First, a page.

Knee Arthroscopy

Click here to learn about our featured service, Knee Arthroscopy


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Rheumatoid arthritis is an inflammatory disease which attacks the joints. Inflammatory means that the patient presents with redness, warmth, swelling, and functional limitation in the joints leading to joint damage.
This form of arthritis usually involves many joints throughout the body at the same time and is caused by a problem with the immune system attacking your own joints, resulting in joint inflammation. When arthritis is caused by inflammation the result is often pain and stiffness after periods of rest or inactivity, particularly in the morning.
Osteoarthritis is a chronic disease. There is no cure, but treatments are available to manage symptoms. Long-term management of the disease include several factors:
Pain management for stiffness and swelling
Improving joint mobility and flexibility
Maintaining a healthy weight
Physical Therapy
Dr. Augustin will discuss Joint surgery, including joint replacement, when these non-surgical methods have failed to provide lasting benefits.


Viscosupplementation/ Gel Injections

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Osteoarthritis develops slowly causing increased pain over time. Although there is no cure for osteoarthritis, there are many treatment options to help people manage pain and stay active.
In its early stages, arthritis of the knee is treated with nonsurgical methods including:
Modified activity
Weight loss
Pain relievers, such as anti-inflammatory drugs like ibuprofen
Physical therapy
Corticosteroid injections
At Augustin Orthopedics, Dr. Augustin offers another treatment option, a procedure called viscosupplementation. If you have tried all other nonsurgical treatment methods and your pain continues to limit your activities, viscosupplementation may be an option.
In this procedure, a gel-like fluid called hyaluronic acid is injected into the knee joint. The hyaluronic acid acts as a lubricant to enable bones to move smoothly over each other and as a shock absorber for joint loads. In theory, adding hyaluronic acid to the arthritic joint will facilitate movement and reduce pain.
Dr. Augustin has had much success with this procedure enabling his patients to continue their active lifestyles.

Meniscal Tears

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The meniscus is a shock-absorbing structure in the knee in each knee, one on the inside (medial), and one on the outside (lateral).
A meniscal tear is a tear in the meniscus. Most injuries to the meniscus are caused by trauma, usually compression and twisting of the knee. Movements that can cause trauma to the knee include pivoting, cutting, and decelerating. Because aging tends to break down the inner tissues of the meniscus, minor trauma (such as squatting) can injure the meniscus in an older person.
Treatment for a meniscus tear varies depending on the type of tear, the severity of the tear and location. A persons age and how active they are may also affect treatment choices.
Treatment may include:
Rest, ice, wrapping the knee with an elastic bandage, and elevating the leg.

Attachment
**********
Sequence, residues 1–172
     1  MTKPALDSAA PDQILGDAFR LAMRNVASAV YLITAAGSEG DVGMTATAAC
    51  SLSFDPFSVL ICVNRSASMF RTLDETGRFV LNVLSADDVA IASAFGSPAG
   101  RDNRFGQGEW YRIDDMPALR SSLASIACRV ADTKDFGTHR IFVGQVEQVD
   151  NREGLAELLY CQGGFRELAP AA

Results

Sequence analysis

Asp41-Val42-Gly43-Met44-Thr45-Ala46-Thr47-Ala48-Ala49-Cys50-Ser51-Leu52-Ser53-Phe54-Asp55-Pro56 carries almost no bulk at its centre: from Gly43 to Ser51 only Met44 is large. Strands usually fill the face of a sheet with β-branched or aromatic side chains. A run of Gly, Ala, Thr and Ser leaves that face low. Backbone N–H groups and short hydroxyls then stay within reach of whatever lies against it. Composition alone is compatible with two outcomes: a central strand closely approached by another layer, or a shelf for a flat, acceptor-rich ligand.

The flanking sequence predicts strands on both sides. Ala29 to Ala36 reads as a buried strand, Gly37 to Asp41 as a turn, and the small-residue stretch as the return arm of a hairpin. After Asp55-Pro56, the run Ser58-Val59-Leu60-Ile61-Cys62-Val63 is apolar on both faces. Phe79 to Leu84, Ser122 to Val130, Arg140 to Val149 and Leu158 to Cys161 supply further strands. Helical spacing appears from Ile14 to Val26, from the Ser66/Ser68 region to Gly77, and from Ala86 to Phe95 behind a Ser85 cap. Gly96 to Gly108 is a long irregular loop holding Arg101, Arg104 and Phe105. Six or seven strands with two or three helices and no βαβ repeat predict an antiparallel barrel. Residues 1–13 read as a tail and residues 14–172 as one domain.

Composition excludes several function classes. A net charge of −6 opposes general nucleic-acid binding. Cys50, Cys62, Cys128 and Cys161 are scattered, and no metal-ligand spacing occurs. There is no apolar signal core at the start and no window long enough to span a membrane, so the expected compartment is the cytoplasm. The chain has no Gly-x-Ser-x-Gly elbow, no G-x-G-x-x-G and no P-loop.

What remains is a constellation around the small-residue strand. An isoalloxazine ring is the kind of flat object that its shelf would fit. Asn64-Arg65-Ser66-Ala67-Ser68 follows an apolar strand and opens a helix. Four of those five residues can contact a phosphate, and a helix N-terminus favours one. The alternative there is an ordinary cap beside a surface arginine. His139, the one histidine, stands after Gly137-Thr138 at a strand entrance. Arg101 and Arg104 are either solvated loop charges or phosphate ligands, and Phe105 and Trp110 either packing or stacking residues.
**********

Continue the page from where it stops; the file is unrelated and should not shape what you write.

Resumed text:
Physical therapy.
Surgery to repair the meniscus.
Surgery to remove part of the meniscus.
Dr. Augustin performs this procedure arthroscopically. Three small incisions are made to allow special instruments, including a fiber-optic camera, to be placed into your knee. The meniscal tear is repaired and in most cases steri-strips are placed over the incisions. Most patients benefit from arthroscopic knee surgery within 4 to 6 weeks. Shorter recovery time allows patients to return to their normal active life styles.

Meniscus Transplant

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The meniscus is a C-shaped cushion of cartilage in the knee joint. When people talk about torn cartilage in the knee, they are usually referring to torn meniscus. A meniscal transplant replaces the damaged meniscus with donor cartilage.

Joint sparing procedures/ Cartilage Restoration

  • Autologous Chondrocyte Implantation (ACI):
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  • The Osteoarticular Transfer System (OATS)


Patella Fracture also known as the Knee Cap

This injury happens when there is a break in the patella. The patella is a large, movable bone at the front of the knee.

The patella is part of the knee joint. It is formed between the tendons that connect the thigh bone (femur) to the leg bone (tibia). It protects the front of the knee joint and acts as a point of support, providing increased power to the thigh muscles, which extend the knee. The inner portion of the patella does come in contact with the thigh bone part of the knee joint.

Some common causes of this injury include:

  • Sharp blow to the knee (eg, during sports, a fall, or a car accident)
  • Excessive stress on the knee (eg, during weight lifting, stair climbing, or overexercising a healing knee)

Femoral Fracture

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A femoral fracture is a break in the thigh bone, which is called the femur. The femur bone is also known as the thigh bone. It runs from the hip to the knee and is the longest and strongest bone in the body. It usually requires a great deal of force to break the femur.

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Augustin Orthopedics (Bayonne)
864 Broadway
Bayonne, NJ 07002 | > Directions
Augustin Orthopedics (Bloomfield)
135 Bloomfield Ave Suite C
Bloomfield, NJ 07003| > Directions